Therapeutic Approaches in Work with Traumatized Children and Young People: Theory and Practice

By Patrick Tomlinson | Go to book overview

Chapter 10

Gender Issues,
Sexuality and Dress

Due to their experiences, traumatized children often have a distorted perception of gender, for example, they might believe that men are violent and women submissive. In our work with traumatized children we have the opportunity to work through matters related to their own identity and gender, as well as to experience positive gender role models. Sexuality is closely associated with gender and the two may be confused for children who have been abused. We can expect traumatized children to have powerful feelings in relation to gender and sexuality and to be highly sensitized in this area. The way we dress expresses both our gender and sexuality, and needs careful consideration.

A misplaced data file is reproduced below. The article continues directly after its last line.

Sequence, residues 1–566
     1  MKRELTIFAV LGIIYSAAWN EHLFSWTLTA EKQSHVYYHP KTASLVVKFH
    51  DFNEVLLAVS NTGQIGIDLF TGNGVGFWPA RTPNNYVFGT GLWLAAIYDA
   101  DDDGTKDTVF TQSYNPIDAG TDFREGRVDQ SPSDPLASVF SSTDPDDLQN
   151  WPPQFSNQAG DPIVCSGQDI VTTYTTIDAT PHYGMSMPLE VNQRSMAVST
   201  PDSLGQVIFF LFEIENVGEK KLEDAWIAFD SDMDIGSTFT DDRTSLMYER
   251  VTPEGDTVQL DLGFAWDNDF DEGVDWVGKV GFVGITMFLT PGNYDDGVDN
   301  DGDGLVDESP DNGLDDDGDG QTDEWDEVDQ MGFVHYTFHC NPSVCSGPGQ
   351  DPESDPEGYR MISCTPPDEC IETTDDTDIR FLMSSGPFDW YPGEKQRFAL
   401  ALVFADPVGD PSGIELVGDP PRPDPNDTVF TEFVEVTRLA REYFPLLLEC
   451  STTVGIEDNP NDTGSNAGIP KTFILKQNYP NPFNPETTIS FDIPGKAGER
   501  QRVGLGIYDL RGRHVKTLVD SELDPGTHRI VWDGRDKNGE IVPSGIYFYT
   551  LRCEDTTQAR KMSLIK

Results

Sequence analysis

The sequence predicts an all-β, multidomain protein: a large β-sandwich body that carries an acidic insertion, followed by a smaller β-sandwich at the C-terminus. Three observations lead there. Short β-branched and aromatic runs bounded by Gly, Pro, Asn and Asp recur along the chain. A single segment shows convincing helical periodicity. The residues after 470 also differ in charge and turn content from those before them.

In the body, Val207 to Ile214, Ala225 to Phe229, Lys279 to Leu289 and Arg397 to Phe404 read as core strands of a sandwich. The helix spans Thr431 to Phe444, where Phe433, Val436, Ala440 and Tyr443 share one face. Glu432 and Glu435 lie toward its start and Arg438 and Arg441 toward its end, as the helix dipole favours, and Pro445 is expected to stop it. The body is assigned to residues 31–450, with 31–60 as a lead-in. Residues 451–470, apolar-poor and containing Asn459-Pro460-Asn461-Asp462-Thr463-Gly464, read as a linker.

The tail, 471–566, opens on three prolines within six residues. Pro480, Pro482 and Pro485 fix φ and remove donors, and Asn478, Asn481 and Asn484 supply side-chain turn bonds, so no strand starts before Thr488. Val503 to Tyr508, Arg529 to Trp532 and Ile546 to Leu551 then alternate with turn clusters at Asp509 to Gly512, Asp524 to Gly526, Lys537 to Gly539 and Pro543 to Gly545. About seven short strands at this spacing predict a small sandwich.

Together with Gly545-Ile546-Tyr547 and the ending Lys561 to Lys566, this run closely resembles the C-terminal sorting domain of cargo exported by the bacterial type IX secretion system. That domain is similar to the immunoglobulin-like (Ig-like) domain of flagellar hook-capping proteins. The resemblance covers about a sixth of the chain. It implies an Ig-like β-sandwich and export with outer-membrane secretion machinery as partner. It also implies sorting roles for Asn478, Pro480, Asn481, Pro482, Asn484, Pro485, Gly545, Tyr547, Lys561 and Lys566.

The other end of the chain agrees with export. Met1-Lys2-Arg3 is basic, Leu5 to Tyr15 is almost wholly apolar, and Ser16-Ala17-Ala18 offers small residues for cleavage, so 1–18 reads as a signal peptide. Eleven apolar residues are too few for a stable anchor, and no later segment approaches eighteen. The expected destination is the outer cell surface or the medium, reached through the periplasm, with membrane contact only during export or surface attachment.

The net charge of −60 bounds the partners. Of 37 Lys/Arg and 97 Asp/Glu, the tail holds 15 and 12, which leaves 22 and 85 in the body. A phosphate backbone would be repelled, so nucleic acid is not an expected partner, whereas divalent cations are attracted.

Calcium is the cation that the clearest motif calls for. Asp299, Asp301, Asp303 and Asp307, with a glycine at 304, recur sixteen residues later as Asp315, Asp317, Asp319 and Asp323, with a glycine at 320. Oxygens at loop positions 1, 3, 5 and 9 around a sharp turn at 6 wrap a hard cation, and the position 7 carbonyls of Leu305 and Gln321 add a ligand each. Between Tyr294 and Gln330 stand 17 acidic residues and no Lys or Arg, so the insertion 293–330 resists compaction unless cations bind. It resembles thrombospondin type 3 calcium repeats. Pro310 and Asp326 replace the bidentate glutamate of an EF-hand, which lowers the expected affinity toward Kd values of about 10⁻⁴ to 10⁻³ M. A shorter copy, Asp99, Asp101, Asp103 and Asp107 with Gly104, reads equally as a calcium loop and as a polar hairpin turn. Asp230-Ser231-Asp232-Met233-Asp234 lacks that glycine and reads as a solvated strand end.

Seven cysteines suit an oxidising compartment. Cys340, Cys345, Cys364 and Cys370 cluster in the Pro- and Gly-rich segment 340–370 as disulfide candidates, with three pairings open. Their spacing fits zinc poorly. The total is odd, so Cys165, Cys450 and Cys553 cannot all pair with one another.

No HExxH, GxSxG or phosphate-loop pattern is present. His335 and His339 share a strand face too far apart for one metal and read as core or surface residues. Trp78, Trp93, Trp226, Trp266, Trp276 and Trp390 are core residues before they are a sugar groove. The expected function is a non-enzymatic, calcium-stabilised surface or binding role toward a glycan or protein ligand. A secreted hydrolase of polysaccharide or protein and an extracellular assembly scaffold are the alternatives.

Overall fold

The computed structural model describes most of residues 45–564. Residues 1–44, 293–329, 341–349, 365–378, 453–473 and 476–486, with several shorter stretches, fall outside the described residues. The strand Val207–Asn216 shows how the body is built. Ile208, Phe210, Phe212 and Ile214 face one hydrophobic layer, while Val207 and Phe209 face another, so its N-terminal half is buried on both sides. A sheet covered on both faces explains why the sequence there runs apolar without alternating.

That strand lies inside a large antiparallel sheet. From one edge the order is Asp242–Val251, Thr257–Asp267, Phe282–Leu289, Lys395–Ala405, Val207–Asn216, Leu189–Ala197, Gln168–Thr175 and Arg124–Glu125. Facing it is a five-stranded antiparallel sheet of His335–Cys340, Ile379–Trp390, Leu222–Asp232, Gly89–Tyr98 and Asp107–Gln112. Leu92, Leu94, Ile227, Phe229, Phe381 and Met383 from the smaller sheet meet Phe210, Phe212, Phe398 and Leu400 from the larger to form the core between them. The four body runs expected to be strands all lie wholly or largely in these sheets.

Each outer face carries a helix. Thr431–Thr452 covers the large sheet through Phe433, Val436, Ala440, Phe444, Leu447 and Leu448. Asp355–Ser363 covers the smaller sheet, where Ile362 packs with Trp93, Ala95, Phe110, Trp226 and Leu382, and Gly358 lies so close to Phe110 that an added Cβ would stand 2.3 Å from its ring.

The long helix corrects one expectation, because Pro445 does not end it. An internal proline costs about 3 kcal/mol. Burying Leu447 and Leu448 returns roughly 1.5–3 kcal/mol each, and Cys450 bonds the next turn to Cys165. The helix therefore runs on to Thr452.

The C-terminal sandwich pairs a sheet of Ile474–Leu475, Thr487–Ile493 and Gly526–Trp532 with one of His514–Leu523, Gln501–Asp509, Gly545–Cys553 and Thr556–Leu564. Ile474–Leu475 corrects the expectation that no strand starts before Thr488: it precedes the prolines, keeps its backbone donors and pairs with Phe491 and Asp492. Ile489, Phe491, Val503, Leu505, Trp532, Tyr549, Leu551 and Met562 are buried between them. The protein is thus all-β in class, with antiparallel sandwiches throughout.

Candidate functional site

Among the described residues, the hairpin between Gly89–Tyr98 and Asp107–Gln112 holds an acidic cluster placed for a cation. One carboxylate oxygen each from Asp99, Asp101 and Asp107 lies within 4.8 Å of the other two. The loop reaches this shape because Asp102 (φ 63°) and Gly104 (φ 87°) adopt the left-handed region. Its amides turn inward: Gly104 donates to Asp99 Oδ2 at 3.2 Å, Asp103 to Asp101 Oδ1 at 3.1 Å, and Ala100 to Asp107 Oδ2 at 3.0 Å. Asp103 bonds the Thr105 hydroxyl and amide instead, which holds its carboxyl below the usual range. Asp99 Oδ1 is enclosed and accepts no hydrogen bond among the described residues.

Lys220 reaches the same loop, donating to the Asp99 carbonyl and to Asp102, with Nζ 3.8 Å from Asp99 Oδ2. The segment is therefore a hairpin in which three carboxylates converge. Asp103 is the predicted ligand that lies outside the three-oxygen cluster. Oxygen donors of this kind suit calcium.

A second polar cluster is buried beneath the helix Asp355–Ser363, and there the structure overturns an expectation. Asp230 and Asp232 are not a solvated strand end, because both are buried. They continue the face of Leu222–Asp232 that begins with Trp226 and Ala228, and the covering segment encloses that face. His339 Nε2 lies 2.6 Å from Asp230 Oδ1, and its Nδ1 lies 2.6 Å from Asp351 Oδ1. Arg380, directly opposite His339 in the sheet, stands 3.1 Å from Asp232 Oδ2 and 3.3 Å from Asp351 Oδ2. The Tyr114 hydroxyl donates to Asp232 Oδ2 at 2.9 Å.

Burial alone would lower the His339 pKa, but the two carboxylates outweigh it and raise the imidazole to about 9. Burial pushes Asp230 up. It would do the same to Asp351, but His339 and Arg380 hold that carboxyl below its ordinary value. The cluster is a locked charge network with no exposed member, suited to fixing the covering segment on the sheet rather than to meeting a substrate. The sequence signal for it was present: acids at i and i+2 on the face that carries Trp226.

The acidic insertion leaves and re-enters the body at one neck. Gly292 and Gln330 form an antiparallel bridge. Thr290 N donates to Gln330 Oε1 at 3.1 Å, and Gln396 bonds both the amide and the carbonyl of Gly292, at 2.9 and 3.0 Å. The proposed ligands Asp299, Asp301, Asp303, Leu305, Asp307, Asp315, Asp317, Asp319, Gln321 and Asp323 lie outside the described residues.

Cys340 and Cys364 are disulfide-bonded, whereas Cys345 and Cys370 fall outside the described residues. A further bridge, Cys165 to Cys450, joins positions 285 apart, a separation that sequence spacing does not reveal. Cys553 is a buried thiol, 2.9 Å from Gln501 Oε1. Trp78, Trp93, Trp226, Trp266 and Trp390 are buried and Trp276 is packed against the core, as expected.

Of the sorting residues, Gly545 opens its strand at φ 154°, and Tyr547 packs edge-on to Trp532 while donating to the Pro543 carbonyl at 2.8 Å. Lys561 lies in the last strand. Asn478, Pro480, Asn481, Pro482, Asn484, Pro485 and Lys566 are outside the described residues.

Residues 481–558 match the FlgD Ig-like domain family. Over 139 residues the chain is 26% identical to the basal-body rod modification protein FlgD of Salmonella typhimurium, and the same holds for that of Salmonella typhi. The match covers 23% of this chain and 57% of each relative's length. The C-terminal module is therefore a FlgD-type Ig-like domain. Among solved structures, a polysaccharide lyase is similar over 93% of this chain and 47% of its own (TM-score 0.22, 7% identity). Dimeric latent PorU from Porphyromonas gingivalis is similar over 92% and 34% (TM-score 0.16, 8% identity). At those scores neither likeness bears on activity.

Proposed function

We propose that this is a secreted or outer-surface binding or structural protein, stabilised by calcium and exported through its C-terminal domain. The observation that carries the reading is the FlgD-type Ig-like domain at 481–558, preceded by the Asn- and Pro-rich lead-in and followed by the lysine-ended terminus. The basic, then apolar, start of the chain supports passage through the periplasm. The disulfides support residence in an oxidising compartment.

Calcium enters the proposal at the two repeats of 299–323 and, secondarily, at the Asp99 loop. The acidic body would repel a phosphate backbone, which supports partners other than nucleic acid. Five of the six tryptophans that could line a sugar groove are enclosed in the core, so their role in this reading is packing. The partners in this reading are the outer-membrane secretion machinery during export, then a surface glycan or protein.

The gender balance in teams

In residential child care, it is probably unusual to find teams of staff equally balanced in terms of gender. Usually there are more female than male staff. At the Community, it was more usual to have more men than women.

Is it helpful in principle to aim for an equal balance and always to have at least one man and woman working? Sometimes when we are particularly anxious about the gender balance, we could give potentially negative messages to children – for example, if we say or imply, 'things won't be all right this evening unless there is a man working.' Some children become more panicky or violent when there is not a mix of men and women working.

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